Articles tagged with wii

Apr
09
Posted by James at 16:24
Japanese sales figures for the week ending April 5 are in, and it's not good news for Kadokawa Games' latest Wii U and 3DS game, Rodea the Sky Soldier.

According to data from Dengeki Online, the game failed to sell 5,000 units over the period, with the Wii U version shifting just 2,725 copies. The 3DS version failed to make the top 50, meaning it would have sold 2,000 units at best.

This comes as rather sad news for both Yuji Naka and his team at Prope, who developed Rodea over what has been a long and arduous period.

Rodea the Sky Soldier was originally designed with the Wii Remote in mind, its slick pointer controls being a natural fit for the game's freeform flying gameplay, itself a spiritual successor to much-loved Sega Saturn game NiGHTS.

This original vision of the game was done and dusted way back in 2011, but by the time it was submitted to Kadokawa Games the Wii U was on its way and a 3DS version of the game was still on the agenda. As you can imagine, development was to begin on Wii U and 3DS versions to increase the game's chances of success -- Nintendo had let the Wii wither on a vine that year.

Fast forward a year later and the Wii U was on its way, its versitile GamePad controller reducing the Wii Remote's status from mandatory input device to local multiplayer peripheral.

At the time, releasing a game designed around the Wii Remote on a platform where every user isn't guaranteed to have one must have been seen as risky, and you could really feel the sting it left on Yuji Naka when he said the following:
"One unfortunate thing about the Wii U announcement: It doesn't come with a Wii remote, so Rodea and all the other Wii titles I created, people won't be able to play it with a Wii remote. They'll have to use the Wii U GamePad.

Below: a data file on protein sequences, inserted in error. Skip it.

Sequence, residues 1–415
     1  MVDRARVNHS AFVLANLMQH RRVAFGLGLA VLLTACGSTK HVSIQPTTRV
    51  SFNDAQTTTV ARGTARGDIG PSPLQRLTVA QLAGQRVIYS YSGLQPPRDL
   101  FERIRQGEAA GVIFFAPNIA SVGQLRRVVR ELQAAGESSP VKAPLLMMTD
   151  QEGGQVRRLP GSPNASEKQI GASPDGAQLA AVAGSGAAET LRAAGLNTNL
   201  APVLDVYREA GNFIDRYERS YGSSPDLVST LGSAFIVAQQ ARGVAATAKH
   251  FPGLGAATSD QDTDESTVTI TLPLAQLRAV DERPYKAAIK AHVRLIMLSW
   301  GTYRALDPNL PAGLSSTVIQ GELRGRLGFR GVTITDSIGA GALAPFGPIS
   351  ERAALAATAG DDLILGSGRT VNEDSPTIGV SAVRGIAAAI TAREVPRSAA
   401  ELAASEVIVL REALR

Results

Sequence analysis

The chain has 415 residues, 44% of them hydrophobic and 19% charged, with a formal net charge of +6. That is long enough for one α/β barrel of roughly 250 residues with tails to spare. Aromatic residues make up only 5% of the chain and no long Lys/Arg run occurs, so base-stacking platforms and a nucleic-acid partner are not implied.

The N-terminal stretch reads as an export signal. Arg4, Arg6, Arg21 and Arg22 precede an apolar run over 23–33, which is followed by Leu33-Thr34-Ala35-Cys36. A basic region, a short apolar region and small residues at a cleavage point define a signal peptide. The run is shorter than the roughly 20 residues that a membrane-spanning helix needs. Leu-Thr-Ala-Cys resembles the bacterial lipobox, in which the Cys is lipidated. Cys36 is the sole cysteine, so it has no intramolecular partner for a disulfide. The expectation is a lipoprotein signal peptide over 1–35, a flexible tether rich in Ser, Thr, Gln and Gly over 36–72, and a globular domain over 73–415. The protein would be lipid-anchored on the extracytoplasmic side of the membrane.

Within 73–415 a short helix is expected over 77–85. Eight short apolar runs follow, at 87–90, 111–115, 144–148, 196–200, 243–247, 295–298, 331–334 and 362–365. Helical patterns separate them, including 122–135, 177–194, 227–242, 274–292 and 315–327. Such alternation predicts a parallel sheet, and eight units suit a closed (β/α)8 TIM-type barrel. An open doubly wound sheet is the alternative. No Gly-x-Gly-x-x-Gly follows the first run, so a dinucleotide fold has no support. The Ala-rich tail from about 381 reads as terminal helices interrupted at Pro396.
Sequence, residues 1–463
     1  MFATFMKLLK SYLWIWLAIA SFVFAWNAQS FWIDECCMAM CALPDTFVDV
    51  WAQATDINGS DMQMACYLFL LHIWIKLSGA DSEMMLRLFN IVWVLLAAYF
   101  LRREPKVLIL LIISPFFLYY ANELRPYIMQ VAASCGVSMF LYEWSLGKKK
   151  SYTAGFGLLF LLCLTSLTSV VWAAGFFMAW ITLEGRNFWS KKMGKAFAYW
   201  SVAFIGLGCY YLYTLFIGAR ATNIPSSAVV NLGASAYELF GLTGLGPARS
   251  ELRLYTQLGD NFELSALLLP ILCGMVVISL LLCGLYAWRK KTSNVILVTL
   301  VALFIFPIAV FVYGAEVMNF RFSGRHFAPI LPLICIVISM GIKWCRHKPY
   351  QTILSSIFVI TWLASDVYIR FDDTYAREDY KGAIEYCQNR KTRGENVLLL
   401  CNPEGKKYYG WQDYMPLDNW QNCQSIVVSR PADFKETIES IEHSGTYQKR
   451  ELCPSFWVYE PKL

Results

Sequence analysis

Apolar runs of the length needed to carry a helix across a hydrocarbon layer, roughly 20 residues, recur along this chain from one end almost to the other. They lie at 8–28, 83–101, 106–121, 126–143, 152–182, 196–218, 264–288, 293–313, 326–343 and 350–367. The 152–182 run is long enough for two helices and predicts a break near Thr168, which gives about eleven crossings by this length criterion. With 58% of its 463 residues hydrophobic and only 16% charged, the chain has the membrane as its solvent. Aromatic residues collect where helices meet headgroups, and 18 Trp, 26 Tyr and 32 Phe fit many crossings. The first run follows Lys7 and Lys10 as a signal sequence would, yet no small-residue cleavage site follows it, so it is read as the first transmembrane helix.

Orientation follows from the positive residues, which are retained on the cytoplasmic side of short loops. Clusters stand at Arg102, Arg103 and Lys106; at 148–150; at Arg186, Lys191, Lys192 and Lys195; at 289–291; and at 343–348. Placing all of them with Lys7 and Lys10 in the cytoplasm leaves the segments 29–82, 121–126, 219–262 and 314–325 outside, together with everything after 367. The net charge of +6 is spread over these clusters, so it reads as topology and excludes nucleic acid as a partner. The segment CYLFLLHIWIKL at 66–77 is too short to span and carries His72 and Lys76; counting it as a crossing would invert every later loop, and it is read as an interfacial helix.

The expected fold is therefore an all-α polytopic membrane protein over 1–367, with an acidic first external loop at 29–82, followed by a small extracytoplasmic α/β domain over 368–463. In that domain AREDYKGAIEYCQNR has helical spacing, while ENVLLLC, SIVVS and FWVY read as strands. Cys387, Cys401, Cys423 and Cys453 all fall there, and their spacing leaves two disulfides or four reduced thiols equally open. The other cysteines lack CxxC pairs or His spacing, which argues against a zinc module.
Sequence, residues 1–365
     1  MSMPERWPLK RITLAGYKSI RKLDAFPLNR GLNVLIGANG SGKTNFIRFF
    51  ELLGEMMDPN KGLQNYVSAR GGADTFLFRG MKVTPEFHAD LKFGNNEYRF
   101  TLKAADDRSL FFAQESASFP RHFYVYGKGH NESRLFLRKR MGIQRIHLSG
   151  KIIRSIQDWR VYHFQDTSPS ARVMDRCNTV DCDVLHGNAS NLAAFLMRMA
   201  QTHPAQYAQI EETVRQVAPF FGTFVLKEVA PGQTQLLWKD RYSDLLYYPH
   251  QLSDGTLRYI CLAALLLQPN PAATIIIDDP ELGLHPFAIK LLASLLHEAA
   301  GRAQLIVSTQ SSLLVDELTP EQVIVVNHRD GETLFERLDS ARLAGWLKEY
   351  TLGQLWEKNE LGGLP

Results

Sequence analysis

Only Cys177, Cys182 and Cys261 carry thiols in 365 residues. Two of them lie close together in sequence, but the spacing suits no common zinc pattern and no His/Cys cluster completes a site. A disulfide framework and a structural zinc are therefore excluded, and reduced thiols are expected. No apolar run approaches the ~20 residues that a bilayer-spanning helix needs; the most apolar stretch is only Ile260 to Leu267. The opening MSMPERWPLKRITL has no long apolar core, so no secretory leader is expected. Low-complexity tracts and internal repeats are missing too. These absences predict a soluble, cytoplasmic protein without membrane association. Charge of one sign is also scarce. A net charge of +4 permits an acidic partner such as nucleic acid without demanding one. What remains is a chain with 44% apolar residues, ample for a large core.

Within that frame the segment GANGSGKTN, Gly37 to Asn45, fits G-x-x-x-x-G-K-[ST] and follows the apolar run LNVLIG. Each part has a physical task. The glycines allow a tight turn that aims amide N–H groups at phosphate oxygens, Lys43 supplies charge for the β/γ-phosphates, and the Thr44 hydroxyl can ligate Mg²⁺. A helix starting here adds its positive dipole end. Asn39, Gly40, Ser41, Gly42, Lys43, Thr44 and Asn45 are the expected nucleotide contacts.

I created the game specifically for the Wii remote, so it's going to turn into a totally different experience. I'm really down about that because Rodea is a really good game."
Understandably, the next two to three years were spent rebuilding the game around the more conventional sticks and buttons on the Wii U GamePad and Nintendo 3DS.

Which brings us to the here and now, where Rodea the Sky Soldier evidently fell victim to the aftermath of a rapidly changing landscape. The sad thing is, had Kadokawa Games released the Wii version back in 2011 it probably would have found its way into more players' hands -- the tremendous amount of work that went into retrofitting the game for modern platforms never paid off in the end.
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Apr
06
Posted by Ben at 16:06
When I've been browsing online shops, seeing preorders available for Rodea the Sky Soldier, it's always pitched as being late in the year, but it's actually releasing a lot sooner

NISA have announced that Rodea The Sky Soldier is heading to Europe on September 25th, following the September 22nd release in America

It remains to be seen quite how many copies of the original Wii version will be around, assuming it will (it should, it's why people want it), but it's certainly going on my preorder list